When two reptilian heads poked out of an egg from a clutch of 10, Wodonga snake breeder John McNamara thought he had twins.
Upon splitting the leathery shell last Saturday what he found was something spectacular.
From the tail up he could see a normal baby coastal carpet python, but things started to get freaky from the neck up as two heads peeled off the scaly body like a hydra from Greek mythology.
To Mr McNamara’s excitement the pairing of his five-year-old female snake, known as ‘Mum’, with a male, owned by fellow breeder Ben Robson, had produced a Siamese snake.
The Wodonga man said the birth would have been just like a human case of the anomaly.
“There would have been two yolks and they just haven't split properly … and I ended up with this,” he said.
“I've got a lot of mates that breed reptiles, and have rung around and it’s pretty rare in the trade.
“To be alive still is even rarer.”
Snake eggs take 50 to 60 days to hatch, and Mr McNamara said the dual-headed snake appeared to be in reasonable condition considering it had already gone to the bathroom on him.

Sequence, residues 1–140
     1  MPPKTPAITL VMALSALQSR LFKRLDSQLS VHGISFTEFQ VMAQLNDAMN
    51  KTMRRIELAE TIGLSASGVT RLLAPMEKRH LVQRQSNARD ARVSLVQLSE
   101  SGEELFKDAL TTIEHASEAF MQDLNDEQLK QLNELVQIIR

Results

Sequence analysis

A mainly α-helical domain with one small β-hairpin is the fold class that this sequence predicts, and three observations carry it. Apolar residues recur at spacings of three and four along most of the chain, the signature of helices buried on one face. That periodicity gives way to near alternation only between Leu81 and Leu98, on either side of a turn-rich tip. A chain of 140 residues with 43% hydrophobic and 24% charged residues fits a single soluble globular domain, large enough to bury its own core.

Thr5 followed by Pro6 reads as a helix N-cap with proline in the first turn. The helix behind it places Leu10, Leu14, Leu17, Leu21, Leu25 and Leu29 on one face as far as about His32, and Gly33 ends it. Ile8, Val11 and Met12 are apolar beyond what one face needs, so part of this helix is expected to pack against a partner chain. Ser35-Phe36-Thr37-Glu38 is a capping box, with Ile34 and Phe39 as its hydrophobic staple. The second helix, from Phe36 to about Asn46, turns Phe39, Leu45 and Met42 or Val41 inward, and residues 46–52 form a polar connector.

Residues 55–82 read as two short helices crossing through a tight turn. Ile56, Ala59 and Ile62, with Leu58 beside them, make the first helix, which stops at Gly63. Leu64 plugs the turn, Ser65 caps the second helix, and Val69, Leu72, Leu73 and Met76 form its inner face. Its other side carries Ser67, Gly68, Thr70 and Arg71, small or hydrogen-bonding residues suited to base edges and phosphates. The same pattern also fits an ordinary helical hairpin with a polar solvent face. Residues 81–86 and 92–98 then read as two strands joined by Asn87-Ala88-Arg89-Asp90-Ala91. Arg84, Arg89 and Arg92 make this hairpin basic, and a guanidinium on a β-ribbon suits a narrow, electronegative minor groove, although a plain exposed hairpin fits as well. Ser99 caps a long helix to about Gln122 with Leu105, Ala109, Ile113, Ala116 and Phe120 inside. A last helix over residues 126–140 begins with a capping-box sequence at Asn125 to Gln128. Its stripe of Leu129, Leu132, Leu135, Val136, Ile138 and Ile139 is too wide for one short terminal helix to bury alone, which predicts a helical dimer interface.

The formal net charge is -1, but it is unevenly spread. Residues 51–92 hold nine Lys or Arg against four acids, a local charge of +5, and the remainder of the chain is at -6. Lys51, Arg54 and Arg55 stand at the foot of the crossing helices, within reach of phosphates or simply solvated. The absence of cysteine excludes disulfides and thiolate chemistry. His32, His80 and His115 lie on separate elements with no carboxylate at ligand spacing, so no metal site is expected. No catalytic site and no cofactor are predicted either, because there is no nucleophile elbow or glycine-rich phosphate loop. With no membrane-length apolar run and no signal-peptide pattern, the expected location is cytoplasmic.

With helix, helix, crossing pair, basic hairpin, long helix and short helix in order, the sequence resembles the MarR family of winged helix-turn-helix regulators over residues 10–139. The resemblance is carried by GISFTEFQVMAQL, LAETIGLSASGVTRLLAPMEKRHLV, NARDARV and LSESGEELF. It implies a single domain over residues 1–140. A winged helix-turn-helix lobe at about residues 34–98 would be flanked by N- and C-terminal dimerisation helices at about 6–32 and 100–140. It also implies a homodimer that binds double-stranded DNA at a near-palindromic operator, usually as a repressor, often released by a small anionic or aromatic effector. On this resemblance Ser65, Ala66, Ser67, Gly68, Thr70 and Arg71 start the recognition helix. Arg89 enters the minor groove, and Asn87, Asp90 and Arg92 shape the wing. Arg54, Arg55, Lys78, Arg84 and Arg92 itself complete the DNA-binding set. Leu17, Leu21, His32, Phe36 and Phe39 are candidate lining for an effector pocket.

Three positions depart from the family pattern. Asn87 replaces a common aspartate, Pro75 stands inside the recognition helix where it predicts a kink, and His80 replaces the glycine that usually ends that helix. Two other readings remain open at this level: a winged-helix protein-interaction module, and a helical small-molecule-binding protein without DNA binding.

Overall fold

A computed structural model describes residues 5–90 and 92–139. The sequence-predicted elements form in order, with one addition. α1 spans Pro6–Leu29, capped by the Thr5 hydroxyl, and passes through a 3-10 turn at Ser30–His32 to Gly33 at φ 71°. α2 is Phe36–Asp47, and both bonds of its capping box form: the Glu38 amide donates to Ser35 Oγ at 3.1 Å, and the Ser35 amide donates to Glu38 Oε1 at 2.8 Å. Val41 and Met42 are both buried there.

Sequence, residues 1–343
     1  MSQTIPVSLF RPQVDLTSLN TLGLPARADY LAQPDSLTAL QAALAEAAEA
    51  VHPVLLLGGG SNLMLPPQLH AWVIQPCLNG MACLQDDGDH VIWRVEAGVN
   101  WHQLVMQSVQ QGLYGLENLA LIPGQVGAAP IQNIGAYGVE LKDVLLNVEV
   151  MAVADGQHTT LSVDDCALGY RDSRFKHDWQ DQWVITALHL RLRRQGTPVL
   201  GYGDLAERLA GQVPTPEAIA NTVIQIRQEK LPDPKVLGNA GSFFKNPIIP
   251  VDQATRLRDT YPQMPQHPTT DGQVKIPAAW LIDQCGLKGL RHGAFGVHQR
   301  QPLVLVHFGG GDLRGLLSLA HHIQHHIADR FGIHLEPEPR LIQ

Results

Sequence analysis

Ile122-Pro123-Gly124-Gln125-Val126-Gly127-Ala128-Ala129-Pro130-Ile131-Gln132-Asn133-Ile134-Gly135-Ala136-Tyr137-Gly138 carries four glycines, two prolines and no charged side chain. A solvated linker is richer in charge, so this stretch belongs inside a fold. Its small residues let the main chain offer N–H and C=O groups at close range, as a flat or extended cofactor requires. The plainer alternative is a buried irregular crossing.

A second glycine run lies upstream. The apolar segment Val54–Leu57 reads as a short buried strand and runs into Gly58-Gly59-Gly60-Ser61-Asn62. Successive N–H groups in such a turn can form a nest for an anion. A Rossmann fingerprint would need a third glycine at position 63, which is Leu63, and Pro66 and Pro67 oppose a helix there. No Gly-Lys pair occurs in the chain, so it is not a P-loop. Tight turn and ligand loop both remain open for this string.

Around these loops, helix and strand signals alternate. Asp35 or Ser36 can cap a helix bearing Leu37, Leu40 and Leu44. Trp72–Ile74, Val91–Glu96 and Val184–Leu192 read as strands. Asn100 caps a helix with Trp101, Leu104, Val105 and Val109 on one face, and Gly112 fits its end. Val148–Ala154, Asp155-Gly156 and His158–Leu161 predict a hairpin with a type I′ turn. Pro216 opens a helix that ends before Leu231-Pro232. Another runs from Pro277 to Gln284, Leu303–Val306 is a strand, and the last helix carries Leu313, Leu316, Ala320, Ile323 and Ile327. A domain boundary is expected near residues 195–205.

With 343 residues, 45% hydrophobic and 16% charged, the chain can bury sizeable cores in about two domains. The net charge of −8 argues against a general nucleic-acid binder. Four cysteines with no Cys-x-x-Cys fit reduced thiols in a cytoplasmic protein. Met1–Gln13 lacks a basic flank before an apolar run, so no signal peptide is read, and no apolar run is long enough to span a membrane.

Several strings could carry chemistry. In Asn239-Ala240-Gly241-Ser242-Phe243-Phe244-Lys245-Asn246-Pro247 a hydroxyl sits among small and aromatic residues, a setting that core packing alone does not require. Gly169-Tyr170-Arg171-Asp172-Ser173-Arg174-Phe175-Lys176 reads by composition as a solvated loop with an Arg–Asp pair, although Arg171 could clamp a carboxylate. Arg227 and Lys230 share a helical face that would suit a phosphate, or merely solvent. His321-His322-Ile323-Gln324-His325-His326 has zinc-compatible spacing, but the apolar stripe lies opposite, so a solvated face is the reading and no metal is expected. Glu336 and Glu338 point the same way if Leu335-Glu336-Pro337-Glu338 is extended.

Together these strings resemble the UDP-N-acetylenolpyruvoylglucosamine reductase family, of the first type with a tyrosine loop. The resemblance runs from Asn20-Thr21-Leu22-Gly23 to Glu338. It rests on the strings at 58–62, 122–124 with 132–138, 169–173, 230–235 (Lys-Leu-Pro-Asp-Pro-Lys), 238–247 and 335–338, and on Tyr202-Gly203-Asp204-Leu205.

“The main reason I want to get a little bit of publicity if I can is to try and get a vet to help me out,” he said.
“Just to see see which head is the dominant head and which goes down to the stomach and what organs and other things are joined or can cause complications.”
Mr McNamara’s daughter Kaylah, 10, affectionately refers to the snake, of unknown gender, as the Twin Destroyers.
The snake breeder, however, has gone for a feudal Japanese theme calling the heads Katana and Wakizashi, a short sword, after the weapons used by samurai.
Katana and Wakizashi will need to be as tough as Japanese steel to stay alive.
Hands on Wildlife Townsville’s ranger Dan Damblett said he had heard of double-headed rat snakes living up to the age of 20 but also instances where they would last only a few days.
University of Melbourne School of Bio-Sciences senior lecturer Ben Phillips said depending on how well everything was integrated inside the snake, it could live in captivity for many years.
“They no doubt require extra care,” he said.
“Snakes aren't all that clever, if you throw a mouse to a two-headed snake, it is likely one will grab the front and one will grab the back and they attempt to eat each other.
“There is something fascinating about any animal that has two heads because there is a sense of them being separate entities and the same.”
Dr Phillips and Mr McNamara both agreed the first time the snake was fed would be crucial.